Although the judge at the trial of indictments charging armed robbery and related offenses stated a number of times, without objection, in his instructions to the jury that the only issue in the case was the question of identification and that there appeared to be no dispute that the crimes had been committed, these statements considered in light of the instructions as a whole and in the context of the trial did not create a substantial risk of a miscarriage of justice. [287-290]
At the trial of indictments charging armed robbery and related offenses, the judge did not err in admitting evidence that the defendant had escaped from a house of correction as tending to show the defendant's consciousness of guilt, even though the escape took place some two months after the indictments were returned and about five months before the trial, while the defendant was serving a sentence for an unrelated burglary. [290-292]
Remarks made by the prosecutor in an armed robbery case, in which he stated what conclusions the jury should reach as to which witnesses had been lying, did not impermissibly vouch for the credibility of the Commonwealth's main witness and did not amount to an improper expression of personal opinion. [292-293]
INDICTMENTS found and returned in the Superior Court Department on April 5, 1982.
The case was tried before Cross, J.
Charles Donelan for the defendant.
Charles K. Stephenson, Assistant District Attorney, for the Commonwealth.
GREANEY, C.J. The defendant, James Connors, was convicted by a jury on multiple indictments charging armed assault in a dwelling house, armed robbery while masked, confining,
burglary, and the unlawful possession of firearms. Sentences were imposed. [Note 1] He contends that the convictions must be reversed because (1) the judge denied him a fair trial by referring in his jury charge to identification as the sole issue in the case; (2) evidence of his escape from a penal institution was improperly admitted in evidence; and (3) the prosecutor engaged in prejudicial final argument. We affirm the convictions.
In the early morning hours of June 14, 1981, three masked men, armed with pistols and a knife, broke into a house in South Hadley occupied by a husband and wife and their daughter. The husband and wife were tied hand and foot and forced at gunpoint to remain on their bed for the next two hours. One of the intruders awakened the daughter and held her at knifepoint. He threatened to kill her and forced her to disclose the mode of entry into a concealed room where her father kept his collection of antique firearms. The firearms were taken and loaded into several suitcases. Thereafter the robbers ransacked the house, took other valuables and fled by stealing the daughter's automobile. Since the robbers remained masked throughout the episode, none of the victims could identify them. [Note 2]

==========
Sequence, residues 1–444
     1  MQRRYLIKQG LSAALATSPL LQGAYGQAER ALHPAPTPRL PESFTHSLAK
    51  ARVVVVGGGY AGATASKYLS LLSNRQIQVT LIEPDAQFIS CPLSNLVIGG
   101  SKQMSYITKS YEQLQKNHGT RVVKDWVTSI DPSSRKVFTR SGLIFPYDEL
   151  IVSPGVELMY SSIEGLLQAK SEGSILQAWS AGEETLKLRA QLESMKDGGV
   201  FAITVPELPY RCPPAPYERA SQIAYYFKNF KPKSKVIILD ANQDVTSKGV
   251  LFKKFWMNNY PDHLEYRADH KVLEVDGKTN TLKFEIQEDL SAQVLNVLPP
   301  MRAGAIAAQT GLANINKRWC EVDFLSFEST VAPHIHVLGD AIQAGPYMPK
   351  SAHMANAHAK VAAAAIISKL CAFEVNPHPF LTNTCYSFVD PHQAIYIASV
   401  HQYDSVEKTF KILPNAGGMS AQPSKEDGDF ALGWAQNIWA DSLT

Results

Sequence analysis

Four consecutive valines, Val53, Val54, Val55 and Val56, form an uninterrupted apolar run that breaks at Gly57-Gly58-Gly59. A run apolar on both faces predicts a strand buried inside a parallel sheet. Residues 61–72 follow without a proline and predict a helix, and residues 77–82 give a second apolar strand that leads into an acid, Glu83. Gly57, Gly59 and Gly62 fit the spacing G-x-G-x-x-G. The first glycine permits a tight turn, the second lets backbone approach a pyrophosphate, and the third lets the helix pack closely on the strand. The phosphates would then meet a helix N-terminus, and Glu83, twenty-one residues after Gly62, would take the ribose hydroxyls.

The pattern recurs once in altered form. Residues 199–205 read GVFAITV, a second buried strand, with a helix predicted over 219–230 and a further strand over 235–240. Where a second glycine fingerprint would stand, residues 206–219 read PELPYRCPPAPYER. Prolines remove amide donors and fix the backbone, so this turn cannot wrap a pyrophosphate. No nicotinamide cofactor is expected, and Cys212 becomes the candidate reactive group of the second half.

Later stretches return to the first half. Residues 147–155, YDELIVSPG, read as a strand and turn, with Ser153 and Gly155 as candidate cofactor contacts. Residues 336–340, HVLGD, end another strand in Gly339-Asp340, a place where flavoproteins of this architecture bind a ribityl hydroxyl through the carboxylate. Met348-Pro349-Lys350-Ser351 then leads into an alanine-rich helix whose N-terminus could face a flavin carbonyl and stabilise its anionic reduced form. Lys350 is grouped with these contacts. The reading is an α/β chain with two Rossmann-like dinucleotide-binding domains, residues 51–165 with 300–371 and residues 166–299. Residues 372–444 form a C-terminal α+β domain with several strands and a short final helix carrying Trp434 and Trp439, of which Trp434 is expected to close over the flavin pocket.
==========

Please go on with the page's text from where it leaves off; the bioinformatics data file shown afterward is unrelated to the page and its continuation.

Careful police investigation led to the arrest of Robert Carl Bennett, who admitted that he had participated in the robbery. Bennett implicated Stephen DeLong and the defendant as his confederates and identified the defendant as the robber who had assaulted the daughter. Testifying as the primary prosecution
witness at trial, [Note 3] Bennett described the trio's activities before, during and after the robbery, and their unsuccessful efforts at fencing the firearms. Bennett's testimony was backed up by circumstantial evidence linking the defendant to the commission of the crimes.
The defendant did not contest the evidence establishing the commission of the crimes. He instead presented proof of alibi, essentially through the testimony of three witnesses. Stephen DeLong, the defendant's son, testified that he had participated in the crimes with Bennett, and that the third participant had not been his father, but rather a person named "Michael." [Note 4] The defendant's wife testified that the defendant had been with her at his house in Waltham on June 13 and 14, 1981. Stephen DeLong's mother testified that Bennett had told her that the crimes had been committed by DeLong, one Michael Townsend and himself. [Note 5]
1. On several occasions during his final instructions to the jury, the judge referred to the issue of identification as the "central," "sole," "main," or "whole" issue, at times putting the question for the jury in terms of whether they would be warranted in finding that the defendant was "one of the three involved in the . . . break-in." The judge also told the jury at one point in the instructions that "there seems to be no contention or dispute that there was the breaking in and armed robbery of the [victims'] house," and, at another point, that "there appears to be no question that an assault was committed." The defendant's trial counsel, whom the record discloses to be